By Matt DeCristo,

“I’ve flown from one side of this galaxy to the other, I’ve seen a lot of strange stuff.” Han Solo explains to Luke Skywalker in the original 1977 “Star Wars” movie. At the time, one could only imagine the types of things this hotshot criminal may have seen and done. Until now.

“Solo: A Star Wars Story” offers us the opportunity to see the origins of the legendary space pirate, a character brought to life perfectly by Harrison Ford nearly half a century ago. Fans who go in with an open mind will no doubt enjoy this movie. Like fellow anthology film “Rogue One,” its darker in tones than some of the other entries into the saga, and offers us pretty much what we would expect. Lots of action. Some character and origins explanation. And writing that’s at best mediocre.

Alden Ehrenreich plays the young smuggler and is one of the better casting choices seen in a movie of this type. Ehrenreich walks the walk and talks the talk, looking and acting in such a way that he’s a near perfect representation of what a young Han Solo would or should be. More could have been done to expand upon solo’s iconic reckless nature, but the character presented is one that’s plausible given his current situations in life. For those who worry that the latest film will somehow diminish the legendary and original Han Solo, Alden Ehrenreich will quickly ease your fears.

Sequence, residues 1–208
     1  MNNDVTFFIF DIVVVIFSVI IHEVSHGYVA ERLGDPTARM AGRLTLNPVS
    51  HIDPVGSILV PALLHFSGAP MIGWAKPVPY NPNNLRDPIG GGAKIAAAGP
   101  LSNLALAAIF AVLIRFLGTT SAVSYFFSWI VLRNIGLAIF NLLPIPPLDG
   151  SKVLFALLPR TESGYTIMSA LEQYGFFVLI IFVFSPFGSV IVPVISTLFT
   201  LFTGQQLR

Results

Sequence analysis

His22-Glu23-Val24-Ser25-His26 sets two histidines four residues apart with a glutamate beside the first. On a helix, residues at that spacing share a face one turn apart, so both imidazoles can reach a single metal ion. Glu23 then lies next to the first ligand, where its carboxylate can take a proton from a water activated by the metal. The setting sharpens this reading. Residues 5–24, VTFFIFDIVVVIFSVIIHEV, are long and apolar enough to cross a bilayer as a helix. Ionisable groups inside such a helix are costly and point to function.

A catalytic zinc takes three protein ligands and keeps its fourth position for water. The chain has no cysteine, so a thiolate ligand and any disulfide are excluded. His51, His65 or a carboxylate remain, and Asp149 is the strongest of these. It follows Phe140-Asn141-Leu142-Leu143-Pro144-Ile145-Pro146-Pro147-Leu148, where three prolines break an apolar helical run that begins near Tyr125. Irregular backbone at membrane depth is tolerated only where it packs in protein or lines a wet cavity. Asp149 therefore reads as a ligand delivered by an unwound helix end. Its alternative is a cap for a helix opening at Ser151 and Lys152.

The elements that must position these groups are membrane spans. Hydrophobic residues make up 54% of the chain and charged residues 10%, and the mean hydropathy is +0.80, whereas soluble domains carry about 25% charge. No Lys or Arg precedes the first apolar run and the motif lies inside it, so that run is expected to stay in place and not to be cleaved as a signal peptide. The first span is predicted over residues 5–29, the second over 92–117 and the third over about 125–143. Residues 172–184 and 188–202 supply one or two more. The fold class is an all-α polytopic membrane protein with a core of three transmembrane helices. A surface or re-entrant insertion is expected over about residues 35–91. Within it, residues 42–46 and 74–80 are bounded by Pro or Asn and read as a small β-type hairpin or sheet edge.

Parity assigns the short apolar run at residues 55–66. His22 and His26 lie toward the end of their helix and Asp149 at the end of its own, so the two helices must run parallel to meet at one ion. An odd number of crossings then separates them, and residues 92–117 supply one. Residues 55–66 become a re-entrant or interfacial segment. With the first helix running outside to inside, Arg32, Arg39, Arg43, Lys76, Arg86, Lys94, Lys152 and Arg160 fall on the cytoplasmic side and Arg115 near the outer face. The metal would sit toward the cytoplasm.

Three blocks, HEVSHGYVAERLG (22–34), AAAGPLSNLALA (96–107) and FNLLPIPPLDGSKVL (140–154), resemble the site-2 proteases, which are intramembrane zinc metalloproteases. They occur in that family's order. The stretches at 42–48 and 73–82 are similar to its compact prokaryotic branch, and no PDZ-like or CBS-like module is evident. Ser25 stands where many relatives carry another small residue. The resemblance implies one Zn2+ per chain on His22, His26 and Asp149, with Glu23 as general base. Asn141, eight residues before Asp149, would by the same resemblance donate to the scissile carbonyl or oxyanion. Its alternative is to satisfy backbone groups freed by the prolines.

I went into the movie hoping for a few things, and one of the best components of this piece was the relationship Han Solo has with his furry counterpart, Chewbacca. The pairing never seems forced and lets us Star Wars nerds fester in the glow of witnessing how these two became the inseparable pair that we all know and love.

“Solo” provides some terrific new locations and climates, further divulging to us the massive scope of the Star Wars galaxy. A speeder chase around a rain-soaked shipping yard or the hijacking of a freighter amidst the backdrop of a snowy mountain range are amazing to witness and are the types of things that make “Star Wars” movies so great.
Ehrenreich is joined by an ensemble group. Woody Harrelson plays his criminal mentor, Tobias Beckett, and provides a capable though not overly memorable performance. Emilia Clarke is Han’s love interest Qi’ra. While Clarke dazzles as Daenerys Targaryen in ‘Game of Thrones,’ she’s a more subdued player in “Solo,” and I think the film suffers a bit because of it. Donald Glover shines as scoundrel Lando Calrissian, and like Ehrenreich is a near flawless choice, a perfect counter punch and a character with some funny moments as he channels his inner suave of Billy Dee Williams.

I believe “The Last Jedi” to be the jumping of the shark point in the series, or more specifically, the point when the anthology films will surpass the sequential story in terms of presentation and true fan enjoyment. Where “Jedi” is ruined with its terrible character direction and an overabundance of bathos, “Solo” knows for the most part when to keep things light and when to go serious, a testament to the skills of two time Acadamy Award-winning director, Ron Howard.

That said, I think it misses the mark in a few areas. “Solo” has the luxury of being unbound by the sequential storyline, and thus the ability to create and conjure exciting new characters, villains, and creatures. While we get to see a few cool and different things, many of the antagonists completely miss the opportunity to be truly great and memorable.
“Solo” is a fun movie that Star Wars fans should like. Its got parts you’ll love, and parts you’ll probably hate. It’s primed for a follow-up movie at some point and does a capable job of continuing the anthology series.

 

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